With new EU facial and fingerprint checks at the borders expected to be introduced later this year, a report outlining concerns for the impact on Kent has been put to a council committee.

The report to Kent County Council’s (KCC’S) Environment and Transport Cabinet Committee calls on the Government to ramp up its planning, preparations, support, and investment ahead of the introduction of EU Entry Exit System (EES) checks in October, given that this presents a very real risk of causing major and prolonged congestion on Kent’s roads, and the associated impact on Kent residents, businesses and public services.

Leader of KCC Roger Gough looks seriously at camera
Roger Gough, Leader of Kent County Council

The Leader of Kent County Council (KCC) Roger Gough told an EU Scrutiny Committee in January he is enormously concerned that the implementation of EES will result in serious delays for those travelling through the county and have a knock-on effect on Kent communities along the route to, and in, Dover.

In the summer of 2022 delays on the approaches to both Port of Dover and Eurotunnel caused long delays, with tourists stuck in queues for over 15 hours – data analysis and modelling carried out by partners in the Kent Resilience Forum (KRF) currently indicates that  the results of introducing of EES checks on tourist traffic crossing the short straits are expected to be much worse and to occur on a regular basis.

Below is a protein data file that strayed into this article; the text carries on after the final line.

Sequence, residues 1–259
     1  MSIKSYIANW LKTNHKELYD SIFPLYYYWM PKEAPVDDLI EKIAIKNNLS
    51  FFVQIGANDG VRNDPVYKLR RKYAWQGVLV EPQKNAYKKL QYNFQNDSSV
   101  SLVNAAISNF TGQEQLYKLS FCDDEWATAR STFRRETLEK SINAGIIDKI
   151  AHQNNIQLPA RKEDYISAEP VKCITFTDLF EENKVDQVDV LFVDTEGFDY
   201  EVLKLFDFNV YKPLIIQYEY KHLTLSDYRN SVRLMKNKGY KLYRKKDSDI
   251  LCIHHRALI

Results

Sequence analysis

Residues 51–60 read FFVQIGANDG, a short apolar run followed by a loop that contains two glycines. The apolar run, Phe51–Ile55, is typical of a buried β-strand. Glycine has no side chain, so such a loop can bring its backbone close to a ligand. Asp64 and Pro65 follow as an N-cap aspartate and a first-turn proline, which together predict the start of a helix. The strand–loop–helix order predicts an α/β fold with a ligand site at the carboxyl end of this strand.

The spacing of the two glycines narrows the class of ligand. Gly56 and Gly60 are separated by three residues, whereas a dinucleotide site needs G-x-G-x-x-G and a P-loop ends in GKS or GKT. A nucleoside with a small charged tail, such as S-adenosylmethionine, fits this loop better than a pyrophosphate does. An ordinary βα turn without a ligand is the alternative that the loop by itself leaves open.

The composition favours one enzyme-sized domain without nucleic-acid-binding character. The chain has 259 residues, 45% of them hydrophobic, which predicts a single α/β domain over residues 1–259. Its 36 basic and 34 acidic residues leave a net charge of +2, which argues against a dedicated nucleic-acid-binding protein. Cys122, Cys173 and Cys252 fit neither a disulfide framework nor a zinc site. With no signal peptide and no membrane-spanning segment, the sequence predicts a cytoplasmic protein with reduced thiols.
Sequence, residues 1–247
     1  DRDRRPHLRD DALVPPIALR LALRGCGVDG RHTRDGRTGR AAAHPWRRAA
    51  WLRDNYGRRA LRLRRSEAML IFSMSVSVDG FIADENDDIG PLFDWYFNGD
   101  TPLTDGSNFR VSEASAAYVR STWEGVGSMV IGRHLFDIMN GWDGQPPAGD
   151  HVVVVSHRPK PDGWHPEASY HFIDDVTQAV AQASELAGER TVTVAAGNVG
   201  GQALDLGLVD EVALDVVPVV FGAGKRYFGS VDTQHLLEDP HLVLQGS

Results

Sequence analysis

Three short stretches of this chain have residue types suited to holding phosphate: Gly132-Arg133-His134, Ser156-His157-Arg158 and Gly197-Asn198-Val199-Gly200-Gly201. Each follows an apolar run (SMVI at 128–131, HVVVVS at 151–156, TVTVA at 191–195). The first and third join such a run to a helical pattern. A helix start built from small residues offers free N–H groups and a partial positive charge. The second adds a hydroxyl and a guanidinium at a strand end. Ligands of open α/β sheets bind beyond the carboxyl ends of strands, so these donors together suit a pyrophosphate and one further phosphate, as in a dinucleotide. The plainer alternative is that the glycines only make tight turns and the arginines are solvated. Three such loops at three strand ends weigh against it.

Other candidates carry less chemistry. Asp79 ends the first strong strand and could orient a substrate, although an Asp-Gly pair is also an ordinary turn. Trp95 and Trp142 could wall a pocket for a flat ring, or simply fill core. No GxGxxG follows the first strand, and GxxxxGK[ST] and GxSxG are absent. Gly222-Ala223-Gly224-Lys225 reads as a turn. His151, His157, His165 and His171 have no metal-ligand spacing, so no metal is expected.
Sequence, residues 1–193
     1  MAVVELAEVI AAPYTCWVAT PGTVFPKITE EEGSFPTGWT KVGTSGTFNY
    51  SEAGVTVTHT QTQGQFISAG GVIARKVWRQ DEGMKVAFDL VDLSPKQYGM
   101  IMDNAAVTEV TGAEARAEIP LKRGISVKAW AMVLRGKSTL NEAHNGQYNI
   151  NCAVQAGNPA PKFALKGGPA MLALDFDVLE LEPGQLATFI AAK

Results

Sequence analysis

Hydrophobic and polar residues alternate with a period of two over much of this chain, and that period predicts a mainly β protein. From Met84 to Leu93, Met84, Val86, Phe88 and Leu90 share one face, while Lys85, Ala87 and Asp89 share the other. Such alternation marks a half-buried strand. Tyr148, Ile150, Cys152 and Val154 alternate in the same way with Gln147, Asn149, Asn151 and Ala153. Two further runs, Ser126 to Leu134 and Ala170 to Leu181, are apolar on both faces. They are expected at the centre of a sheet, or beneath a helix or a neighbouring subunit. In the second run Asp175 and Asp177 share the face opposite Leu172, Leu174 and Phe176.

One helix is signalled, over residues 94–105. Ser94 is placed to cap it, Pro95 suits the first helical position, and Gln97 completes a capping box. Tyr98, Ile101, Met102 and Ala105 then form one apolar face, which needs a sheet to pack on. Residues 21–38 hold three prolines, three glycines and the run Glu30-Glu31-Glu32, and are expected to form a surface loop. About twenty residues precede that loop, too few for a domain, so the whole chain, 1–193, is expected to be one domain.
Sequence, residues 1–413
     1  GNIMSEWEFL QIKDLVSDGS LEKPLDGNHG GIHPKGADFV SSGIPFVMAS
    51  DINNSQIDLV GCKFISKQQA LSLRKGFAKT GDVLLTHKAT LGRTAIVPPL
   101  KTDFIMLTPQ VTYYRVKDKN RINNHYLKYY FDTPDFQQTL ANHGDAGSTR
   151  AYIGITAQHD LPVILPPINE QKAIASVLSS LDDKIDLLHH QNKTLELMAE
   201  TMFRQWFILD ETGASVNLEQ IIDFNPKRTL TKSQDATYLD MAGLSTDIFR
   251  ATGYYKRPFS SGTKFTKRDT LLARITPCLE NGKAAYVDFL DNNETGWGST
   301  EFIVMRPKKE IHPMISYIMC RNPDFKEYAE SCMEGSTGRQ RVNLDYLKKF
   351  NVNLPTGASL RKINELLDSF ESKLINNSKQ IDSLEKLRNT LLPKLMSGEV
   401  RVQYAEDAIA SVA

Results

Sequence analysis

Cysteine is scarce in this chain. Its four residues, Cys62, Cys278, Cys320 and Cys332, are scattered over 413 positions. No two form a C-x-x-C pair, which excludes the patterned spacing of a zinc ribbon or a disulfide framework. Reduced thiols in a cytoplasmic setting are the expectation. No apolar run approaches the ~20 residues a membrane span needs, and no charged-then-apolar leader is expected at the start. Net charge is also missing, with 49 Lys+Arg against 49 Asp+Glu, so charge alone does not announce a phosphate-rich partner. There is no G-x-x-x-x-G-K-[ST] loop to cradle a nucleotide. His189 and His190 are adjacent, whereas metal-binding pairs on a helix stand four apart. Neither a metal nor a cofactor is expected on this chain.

The new EES checks will require travellers from countries outside the EU to register biometrics such as facial and fingerprint scans at their first point of entry.

Roger Gough said: 

“The Channel route is the most important entry to Europe for the whole of the UK, which means Kent is the key strategic passage into the continent. The county is the gateway to Europe, providing the shortest crossings which are the preferred route for supply chains across the country. It is therefore vital that KCC is supported with managing the expected impact of EES on the county.

“ Working closely with central Government and all partners, KCC must first and foremost protect Kent residents, business, and public services, and we should be supported in this by strengthening our local transport networks and by reinforcing our wider community infrastructure and services, to keep Kent moving and communities safe.”

KCC Cabinet Member for Highways and Transport, Neil Baker, added: 

“We are calling on Government to act now to ensure that our borders are free from delay and disruption, with improved infrastructure, information, and intelligence, to ensure that everyone travelling through Kent is kept safe, fully informed and that they are able to reach their destinations easily and without delay.”

KCC, working with the Department for Transport and partners of the KRF, is ramping up planning for the introduction of EES checks throughout 2024. They will be working to

  • Understand border demand,
  • Maximise traffic fluidity,
  • Keep visitors safe,
  • Protect communities and support businesses, and
  • Educate and inform.

By Ed

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